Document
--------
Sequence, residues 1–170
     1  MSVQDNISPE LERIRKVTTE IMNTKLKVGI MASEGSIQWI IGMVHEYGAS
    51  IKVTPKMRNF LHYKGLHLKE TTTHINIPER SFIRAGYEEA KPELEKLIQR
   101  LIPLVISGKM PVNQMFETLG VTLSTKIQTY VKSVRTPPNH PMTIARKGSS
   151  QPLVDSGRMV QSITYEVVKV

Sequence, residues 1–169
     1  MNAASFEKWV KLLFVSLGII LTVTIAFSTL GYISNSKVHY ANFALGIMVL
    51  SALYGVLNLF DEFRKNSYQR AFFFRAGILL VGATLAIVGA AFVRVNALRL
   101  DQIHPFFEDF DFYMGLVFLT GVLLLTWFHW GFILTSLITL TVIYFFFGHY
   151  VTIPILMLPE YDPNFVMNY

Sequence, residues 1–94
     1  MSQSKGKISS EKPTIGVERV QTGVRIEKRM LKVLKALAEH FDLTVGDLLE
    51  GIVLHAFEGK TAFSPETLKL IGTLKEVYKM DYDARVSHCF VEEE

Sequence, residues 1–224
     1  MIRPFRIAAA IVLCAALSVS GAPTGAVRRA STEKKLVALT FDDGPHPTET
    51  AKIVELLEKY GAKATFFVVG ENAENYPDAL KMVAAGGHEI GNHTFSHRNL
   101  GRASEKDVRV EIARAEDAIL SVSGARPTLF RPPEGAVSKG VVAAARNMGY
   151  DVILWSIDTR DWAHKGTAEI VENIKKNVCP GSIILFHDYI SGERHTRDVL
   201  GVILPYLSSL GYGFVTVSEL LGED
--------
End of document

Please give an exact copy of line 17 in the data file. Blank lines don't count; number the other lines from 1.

   101  GRASEKDVRV EIARAEDAIL SVSGARPTLF RPPEGAVSKG VVAAARNMGY